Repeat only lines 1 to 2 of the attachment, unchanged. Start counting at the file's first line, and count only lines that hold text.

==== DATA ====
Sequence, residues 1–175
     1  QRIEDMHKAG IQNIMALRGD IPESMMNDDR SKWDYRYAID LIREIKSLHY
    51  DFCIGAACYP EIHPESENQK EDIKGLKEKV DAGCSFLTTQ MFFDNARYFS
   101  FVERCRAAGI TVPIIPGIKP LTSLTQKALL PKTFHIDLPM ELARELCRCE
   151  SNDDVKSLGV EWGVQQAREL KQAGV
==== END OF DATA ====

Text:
Sequence, residues 1–175
     1  QRIEDMHKAG IQNIMALRGD IPESMMNDDR SKWDYRYAID LIREIKSLHY